Eight-year-old Jillian Vervynck fit the stylist’s scissors into her fingers Sunday as if she’d been handed a surgeon’s scalpel.
Breathlessly she pressed the blades against the dense trunk of her mother’s gathered ponytail and began to squeeze.
There were many reasons her mother — Katie Vervynck of Olathe — could list for giving up most of her strawberry blond hair to help supply wigs for people fighting cancer.
She thought of her husband’s mother, who died of breast cancer when he was in high school. She thought of her aunt and her battle with breast cancer.
And hot summer is coming — not the best time to keep all this hair that was longer than she’d ever had it before.
But here was perhaps the most meaningful moment: Jillian working those scissors.
It took a while. A lot of squeezes. The stylist gently urged the girl on.
All in all, a couple dozen girls, women and at least one man kept three volunteer stylists busy in giving up their hair at the Church of the Nativity’s “Wig-Out” Sunday afternoon in Leawood.
Brian Vervynck, Katie’s husband, watched as Jillian finally cut her way through her mom’s hair. He saw his younger children, Joe, 6, and Allie, 5, gather around the rubber-banded ponytail in Jillian’s hand and pet it with little fingers as if it were a delicate kitten.
“This is such a good thing to teach them,” their father said.
Jillian, whose own rich hair wasn’t quite long enough, determined she would let it grow so that when Nativity repeats its “Wig-Out” as planned next year, she’ll be ready.
“I want to help people who have cancer,” she said.
Many people connected to Nativity have been donating hair individually to organizations that help cancer patients, but some church members thought they could rally more people to the cause as a group, said Jill Dahir, one of the organizers.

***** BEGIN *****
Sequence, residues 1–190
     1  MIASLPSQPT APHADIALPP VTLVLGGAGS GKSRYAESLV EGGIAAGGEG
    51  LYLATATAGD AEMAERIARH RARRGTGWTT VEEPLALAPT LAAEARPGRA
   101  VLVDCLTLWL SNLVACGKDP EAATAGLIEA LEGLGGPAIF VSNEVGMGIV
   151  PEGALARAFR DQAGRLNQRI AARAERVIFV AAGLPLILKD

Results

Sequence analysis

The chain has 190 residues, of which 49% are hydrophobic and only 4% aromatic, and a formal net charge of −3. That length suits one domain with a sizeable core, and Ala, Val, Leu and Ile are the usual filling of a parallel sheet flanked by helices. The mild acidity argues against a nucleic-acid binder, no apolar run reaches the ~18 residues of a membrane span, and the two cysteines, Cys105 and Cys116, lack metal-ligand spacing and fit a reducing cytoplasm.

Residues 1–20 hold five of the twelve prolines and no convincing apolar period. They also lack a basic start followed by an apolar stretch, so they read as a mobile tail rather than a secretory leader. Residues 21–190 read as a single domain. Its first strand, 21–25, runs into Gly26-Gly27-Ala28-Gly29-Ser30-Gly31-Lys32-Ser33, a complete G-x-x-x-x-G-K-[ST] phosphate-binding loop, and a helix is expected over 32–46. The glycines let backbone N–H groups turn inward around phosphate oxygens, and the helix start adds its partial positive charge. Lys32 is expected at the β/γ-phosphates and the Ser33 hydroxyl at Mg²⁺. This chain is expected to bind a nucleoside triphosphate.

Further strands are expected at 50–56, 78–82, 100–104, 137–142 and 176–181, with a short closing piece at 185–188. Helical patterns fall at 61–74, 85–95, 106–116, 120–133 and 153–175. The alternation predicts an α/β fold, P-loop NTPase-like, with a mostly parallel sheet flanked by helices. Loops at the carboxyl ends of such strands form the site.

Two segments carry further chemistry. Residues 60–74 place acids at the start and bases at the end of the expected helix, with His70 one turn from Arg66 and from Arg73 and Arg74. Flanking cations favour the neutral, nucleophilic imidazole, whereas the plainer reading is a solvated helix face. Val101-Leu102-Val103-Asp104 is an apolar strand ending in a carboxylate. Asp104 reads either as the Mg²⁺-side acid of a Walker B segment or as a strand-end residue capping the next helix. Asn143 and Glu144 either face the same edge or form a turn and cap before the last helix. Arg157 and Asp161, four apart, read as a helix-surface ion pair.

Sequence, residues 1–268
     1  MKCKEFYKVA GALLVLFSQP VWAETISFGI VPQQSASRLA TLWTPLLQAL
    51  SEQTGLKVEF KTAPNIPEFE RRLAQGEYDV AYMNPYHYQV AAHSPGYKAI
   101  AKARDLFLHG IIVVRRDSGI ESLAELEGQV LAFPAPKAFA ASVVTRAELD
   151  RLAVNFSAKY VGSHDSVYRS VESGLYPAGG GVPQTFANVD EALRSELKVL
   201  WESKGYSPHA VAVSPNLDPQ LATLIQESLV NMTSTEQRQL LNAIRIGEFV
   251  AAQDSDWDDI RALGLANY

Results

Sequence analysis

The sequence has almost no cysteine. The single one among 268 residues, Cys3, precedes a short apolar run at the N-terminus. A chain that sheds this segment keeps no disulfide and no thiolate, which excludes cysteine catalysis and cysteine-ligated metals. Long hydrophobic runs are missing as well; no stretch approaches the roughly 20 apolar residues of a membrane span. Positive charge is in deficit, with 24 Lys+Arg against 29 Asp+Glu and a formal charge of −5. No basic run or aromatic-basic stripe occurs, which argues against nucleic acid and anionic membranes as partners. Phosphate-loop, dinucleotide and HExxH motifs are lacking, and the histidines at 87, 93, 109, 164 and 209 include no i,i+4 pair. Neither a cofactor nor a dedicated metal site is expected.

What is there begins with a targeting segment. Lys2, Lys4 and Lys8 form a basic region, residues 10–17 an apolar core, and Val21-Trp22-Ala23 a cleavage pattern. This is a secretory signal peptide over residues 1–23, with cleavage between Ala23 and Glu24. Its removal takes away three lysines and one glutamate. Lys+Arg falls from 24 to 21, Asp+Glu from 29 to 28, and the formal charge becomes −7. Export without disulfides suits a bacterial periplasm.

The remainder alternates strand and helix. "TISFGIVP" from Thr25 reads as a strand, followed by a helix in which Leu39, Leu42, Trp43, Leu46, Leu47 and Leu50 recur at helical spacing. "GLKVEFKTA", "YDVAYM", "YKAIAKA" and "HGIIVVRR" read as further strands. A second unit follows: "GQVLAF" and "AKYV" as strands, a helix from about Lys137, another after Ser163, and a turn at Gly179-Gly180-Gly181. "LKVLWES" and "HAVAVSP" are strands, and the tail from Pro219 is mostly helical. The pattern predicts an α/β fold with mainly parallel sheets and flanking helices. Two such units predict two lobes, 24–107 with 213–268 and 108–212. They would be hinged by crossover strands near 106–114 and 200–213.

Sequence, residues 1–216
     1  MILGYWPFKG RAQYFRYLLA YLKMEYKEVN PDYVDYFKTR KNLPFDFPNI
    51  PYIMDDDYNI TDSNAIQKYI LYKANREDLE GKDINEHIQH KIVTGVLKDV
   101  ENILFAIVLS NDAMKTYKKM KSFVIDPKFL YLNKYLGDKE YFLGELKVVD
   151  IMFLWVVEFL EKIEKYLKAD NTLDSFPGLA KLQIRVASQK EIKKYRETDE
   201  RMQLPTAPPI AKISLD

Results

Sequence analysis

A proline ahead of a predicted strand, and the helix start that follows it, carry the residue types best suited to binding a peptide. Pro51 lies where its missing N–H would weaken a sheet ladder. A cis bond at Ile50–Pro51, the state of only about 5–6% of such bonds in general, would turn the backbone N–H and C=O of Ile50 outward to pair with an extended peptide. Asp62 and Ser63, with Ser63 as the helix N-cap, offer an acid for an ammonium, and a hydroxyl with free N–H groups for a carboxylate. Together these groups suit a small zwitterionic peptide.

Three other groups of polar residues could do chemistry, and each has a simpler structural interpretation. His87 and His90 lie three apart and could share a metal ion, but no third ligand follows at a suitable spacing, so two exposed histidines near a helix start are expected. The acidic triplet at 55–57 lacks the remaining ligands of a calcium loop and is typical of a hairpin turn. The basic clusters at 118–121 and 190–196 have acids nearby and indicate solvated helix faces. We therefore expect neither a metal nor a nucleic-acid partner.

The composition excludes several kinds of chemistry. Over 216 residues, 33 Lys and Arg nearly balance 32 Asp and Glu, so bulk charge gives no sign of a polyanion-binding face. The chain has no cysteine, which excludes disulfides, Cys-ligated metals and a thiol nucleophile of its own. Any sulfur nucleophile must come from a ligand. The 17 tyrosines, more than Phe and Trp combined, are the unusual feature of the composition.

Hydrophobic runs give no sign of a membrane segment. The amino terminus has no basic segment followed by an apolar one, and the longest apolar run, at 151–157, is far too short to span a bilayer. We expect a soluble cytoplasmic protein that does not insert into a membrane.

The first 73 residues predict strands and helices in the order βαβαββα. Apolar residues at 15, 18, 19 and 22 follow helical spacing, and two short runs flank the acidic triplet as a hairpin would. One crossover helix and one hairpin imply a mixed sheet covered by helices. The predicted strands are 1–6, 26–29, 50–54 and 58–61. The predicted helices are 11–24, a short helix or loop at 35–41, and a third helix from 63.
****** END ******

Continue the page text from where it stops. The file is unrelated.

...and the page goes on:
They even prepared award patches to hand out to the several Girl Scouts who came.
Vilma Subel, who brought along a team of stylists from her salon, Xiphium, to harvest the locks of hair, reveled in the sight of so many children with their families in the church school’s cafeteria.
“It’s the joy in the youth,” she said. “They sense the excitement in helping. … It’s a wonderful energy in here.”
She and some of the other stylists have helped out in hair donation efforts before, and it brought tears to her eyes thinking about the ways people in the room have experienced cancer, both known and unknown to her.
“This is in honor of all the people in our lives,” she said.
Brannan Fish, 30, of Olathe represented the male gender and that growing legion of people who grow long hair with the idea they’ll harvest it for cancer patients.
The long hair started about five years ago in his mid 20s because, Fish said, “I went through a phase.”
But a friend who went through the same kind of phase was giving up his hair for cancer every couple of years, inspiring Fish to do likewise.
When it was done, Fish rolled his head to reabsorb the new, short-haired experience.
“That’s a lot of weight off,” he said. “I feel like a bobblehead. It feels good.”